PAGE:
We observed a drop in expression levels of approximately 50% (Fig. 4[link]d) when media are supplemented with SeMet, mainly owing to cell death caused by SeMet toxicity. Nevertheless, in favourable cases, once crystallization conditions for the native protein have been established, obtaining crystals of the SeMet-labelled construct may require little optimization and therefore modest amounts of protein. Here, we present two examples (Fig. 6[link]) where structures were solved using SeMet proteins produced in HEK293T cells. The incorporation was checked directly at the synchrotron (beamline BM14, ESRF, Grenoble) by recording Se K-edge fluorescence scans of the crystals. Mass-spectrometry analysis of the protein samples revealed that approximately 60% of the purified protein was labelled, in good agreement with the refined occupancies derived from the program SOLVE (Terwilliger, 2003[Terwilliger, T. C. (2003). Methods Enzymol. 374, 22-37.]) for the various Se atoms: 0.42, 0.47 and 0.58 for example 1 (three Se atoms per molecule), and 0.87 and 0.68 for example 2 (two Se atoms per molecule). The signal obtained (for roughly one Met residue per 100 amino acids in both cases) was sufficient to solve the structure in both cases (Aricescu, Hon et al., 2006[Aricescu, A. R., Hon, W. C., Siebold, C., Lu, W., van der Merwe, P. A. & Jones, E. Y. (2006). EMBO J. 25, 701-712.], and manuscript in preparation).

[Figure 6]
Figure 6
Analysis of SeMet incorporation in two proteins expressed in mammalian cells. (a) and (c) correspond to one sample and (b) and (d) to the second. (a) and (b) The two constructs were crystallized and Se K-edge fluorescence scans performed at ESRF beamline BM14 demonstrate Se incorporation. (c) Mass-spectrometric analysis of the peptides obtained by trypsin digestion of the first sample in its native and SeMet-labelled states. The observed pattern is essentially identical apart from one peptide (single star) that is shifted in the SeMet-labelled sample (double star) by a mass corresponding to one sulfur-to-selenium substitution. Two other peptides containing Met residues in this sample could not be detected. However, labelling of these Met residues was subsequently confirmed by crystallographic data processing. (d) Mass-spectrometric analysis of the second protein sample, undigested, containing two Met residues, reveals a peak shift corresponding to teh incorporation of two Se atoms (see double-star versus single-star labels). The data indicate that approximately 60% of the protein sample was labelled.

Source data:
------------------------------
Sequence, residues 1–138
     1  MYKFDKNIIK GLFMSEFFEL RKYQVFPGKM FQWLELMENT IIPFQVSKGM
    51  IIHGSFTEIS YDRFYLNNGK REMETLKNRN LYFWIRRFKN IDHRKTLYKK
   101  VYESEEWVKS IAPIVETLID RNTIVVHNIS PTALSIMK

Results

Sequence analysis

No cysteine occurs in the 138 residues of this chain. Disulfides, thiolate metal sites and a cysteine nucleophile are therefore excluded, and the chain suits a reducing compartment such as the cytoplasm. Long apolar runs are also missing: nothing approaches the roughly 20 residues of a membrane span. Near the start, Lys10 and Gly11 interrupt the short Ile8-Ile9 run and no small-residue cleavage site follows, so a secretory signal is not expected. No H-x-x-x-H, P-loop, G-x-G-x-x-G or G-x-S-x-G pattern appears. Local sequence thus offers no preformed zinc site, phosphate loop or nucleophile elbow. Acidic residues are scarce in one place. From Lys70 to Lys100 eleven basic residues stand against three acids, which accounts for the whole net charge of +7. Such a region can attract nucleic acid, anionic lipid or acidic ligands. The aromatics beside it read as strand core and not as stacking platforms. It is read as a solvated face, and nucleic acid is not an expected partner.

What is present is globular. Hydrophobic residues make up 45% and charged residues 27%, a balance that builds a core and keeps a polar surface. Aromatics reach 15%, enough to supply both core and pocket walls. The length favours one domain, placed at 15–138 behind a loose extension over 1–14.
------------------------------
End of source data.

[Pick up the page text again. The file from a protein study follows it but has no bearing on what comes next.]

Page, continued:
3.6. Control of N-linked glycosylation

Mammalian cells (including HEK293T) synthesize complex N-glycans and this is likely to affect the ability of the recombinant proteins to form well diffracting crystals (Davis et al., 1993[Davis, S. J., Puklavec, M. J., Ashford, D. A., Harlos, K., Jones, E. Y., Stuart, D. I. & Williams, A. F. (1993). Protein Eng. 6, 229-232.]). Apart from the increased solubility of the glycosylated proteins and the inherent flexibility of large and branched sugar chains, it is likely that certain sites will only be occupied in a subpopulation of the molecules, in part owing to overexpression overwhelming the cells' processing capacity, and this can introduce a source of heterogeneity in the protein samples (see Fig. 2[link], where most proteins are N-glycosylated and appear as multiple bands in the gel).